Don’t Use Anabolic Steroids

The use of anabolic steroids has become one of the main causes of preventable male factor infertility.  Increasing numbers of men, including teenagers, are now taking these steroids. They are sourced in the locker rooms, primarily gyms, to help build up muscle bulk in a bid to make themselves look more “manly”.

However, most are unaware of the side effects from these illegal drugs. They pose significant risks to their long term health, and more specifically their future fertility and sperm count.  A lot of men believe they can reverse these effects with more hormones such as HMG, but this is not the case. These steroids can cause the testicles to shrink, stopping sperm production. This means that men taking anabolic steroids, and other drugs like them, may have problems starting or adding to their family in the future.

The science behind this is well known: The anabolic steroids increase testosterone production within the body. This helps build up muscle bulk.  However, this also blocks the production of testosterone in the testicles themselves, which is a necessary ingredient for sperm production.

If used for long enough and in high enough doses, the damage to male fertility can become permanent.  In some case, it may take up to a year for sperm production to return to normal after having stopped taking the anabolic steroids.

We are seeing an increasing number of men at the clinic who simply aren’t aware of the damage that taking anabolic steroids can do to their long-term health and fertility. If you have taken steroids either recently or even years ago, we advise that you get a semen analysis done to understand if your fertility has been affected.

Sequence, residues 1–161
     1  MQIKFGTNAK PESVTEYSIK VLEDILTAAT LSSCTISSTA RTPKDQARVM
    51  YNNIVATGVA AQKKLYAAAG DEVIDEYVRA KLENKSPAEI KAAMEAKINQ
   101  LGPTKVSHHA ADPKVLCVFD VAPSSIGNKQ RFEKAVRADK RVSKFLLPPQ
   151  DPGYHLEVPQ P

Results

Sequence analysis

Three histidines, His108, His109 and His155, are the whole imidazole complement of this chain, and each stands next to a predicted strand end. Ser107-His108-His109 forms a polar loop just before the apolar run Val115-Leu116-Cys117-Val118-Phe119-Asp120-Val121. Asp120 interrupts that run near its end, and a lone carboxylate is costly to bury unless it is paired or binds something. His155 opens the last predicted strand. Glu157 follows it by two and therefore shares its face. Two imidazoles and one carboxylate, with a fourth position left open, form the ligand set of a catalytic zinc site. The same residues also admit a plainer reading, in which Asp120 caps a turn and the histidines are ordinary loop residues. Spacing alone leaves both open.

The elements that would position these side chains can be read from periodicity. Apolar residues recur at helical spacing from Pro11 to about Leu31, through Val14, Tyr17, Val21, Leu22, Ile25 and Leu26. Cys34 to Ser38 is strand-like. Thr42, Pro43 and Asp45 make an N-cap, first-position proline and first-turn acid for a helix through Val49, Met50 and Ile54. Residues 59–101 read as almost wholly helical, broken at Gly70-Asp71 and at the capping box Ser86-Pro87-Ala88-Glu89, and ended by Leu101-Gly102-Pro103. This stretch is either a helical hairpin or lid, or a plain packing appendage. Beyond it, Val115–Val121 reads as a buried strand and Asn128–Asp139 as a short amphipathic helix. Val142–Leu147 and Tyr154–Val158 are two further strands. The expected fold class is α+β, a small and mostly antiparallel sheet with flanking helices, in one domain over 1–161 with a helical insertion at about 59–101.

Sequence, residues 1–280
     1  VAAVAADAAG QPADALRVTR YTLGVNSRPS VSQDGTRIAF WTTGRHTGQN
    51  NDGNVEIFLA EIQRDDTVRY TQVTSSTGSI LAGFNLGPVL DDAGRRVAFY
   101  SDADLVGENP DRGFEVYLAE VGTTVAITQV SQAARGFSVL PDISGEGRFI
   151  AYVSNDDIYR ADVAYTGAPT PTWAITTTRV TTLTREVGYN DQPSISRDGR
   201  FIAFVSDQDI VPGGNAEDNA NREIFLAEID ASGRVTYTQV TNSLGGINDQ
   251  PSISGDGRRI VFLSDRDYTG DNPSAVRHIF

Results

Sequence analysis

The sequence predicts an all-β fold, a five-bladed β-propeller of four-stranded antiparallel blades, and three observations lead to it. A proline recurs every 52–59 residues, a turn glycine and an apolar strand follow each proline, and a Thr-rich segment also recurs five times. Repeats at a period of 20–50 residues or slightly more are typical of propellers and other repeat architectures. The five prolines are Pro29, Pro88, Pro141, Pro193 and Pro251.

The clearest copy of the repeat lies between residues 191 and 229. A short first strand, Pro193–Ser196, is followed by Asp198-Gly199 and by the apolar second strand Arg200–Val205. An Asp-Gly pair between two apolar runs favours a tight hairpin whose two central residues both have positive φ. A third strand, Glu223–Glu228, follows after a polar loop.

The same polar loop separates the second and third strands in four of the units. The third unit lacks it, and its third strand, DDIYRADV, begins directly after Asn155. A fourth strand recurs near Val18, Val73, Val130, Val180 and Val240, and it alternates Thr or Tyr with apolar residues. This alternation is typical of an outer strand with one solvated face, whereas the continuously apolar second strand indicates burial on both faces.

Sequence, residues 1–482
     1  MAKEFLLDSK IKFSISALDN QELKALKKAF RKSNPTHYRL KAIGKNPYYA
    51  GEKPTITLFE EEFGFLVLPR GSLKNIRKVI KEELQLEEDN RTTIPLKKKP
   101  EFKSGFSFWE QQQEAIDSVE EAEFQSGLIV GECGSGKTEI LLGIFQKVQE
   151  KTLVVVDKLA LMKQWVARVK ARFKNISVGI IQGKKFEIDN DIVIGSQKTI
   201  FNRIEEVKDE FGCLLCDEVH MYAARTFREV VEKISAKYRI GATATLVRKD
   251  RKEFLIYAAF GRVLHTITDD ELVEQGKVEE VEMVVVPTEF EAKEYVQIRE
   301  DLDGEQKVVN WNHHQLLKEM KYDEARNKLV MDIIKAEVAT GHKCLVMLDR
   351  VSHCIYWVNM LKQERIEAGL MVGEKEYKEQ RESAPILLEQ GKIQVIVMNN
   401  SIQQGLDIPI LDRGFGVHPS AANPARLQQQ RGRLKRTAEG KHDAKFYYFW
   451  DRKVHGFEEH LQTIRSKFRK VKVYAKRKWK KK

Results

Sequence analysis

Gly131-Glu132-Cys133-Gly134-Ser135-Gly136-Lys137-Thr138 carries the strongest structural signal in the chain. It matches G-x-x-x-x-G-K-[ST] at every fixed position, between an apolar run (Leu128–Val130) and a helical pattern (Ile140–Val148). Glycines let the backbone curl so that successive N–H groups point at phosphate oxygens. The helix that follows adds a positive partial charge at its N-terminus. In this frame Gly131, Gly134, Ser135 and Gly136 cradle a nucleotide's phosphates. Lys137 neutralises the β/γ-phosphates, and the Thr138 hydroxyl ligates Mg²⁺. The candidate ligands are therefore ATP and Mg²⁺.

If you are trying to start a family, now or wish to in the future, it is imperative that you look after your health. This means not taking off prescription drugs or “herbal” remedies of any sort without first consulting an expert. Eat well, exercise regularly and look after yourself.

Claire Mooney

Consultant Embryoligist

Hope Restored

My husband, Shaun, and I attempted natural conception for two frustrating years, coping with the stress, disappointment and feelings of inadequacy that inevitably set in. 

I endured endless, invasive tests – on one occasion contracting an infection that hospitalised me for two days – until we were advised that our problem lay in my husband’s low sperm count.

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Should primary microsurgical ligation of varicocele be the gold standard approach?

Abstract

Introduction: Varicocele is a common condition affecting over one in 10 men, and in cases with abnormal semen parameters, varicocele is present in about one in four men. Several methods have been used to treat this condition, of which microsurgical treatment has the lowest failure and complication rates. We present a single-centre UK series of microsurgical repair of varicocele.

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Are all sperm tests equal?

Semen analysis has long been the accepted routine test for assessing male fertility. However, in the wrong hands sperm tests have serious limitations. A semen analysis can offer a wealth of information about your fertility with sperm numbers, how your sperm swim and sperm shape. The latter being all important when assessing your fertility and the likelihood of conception.

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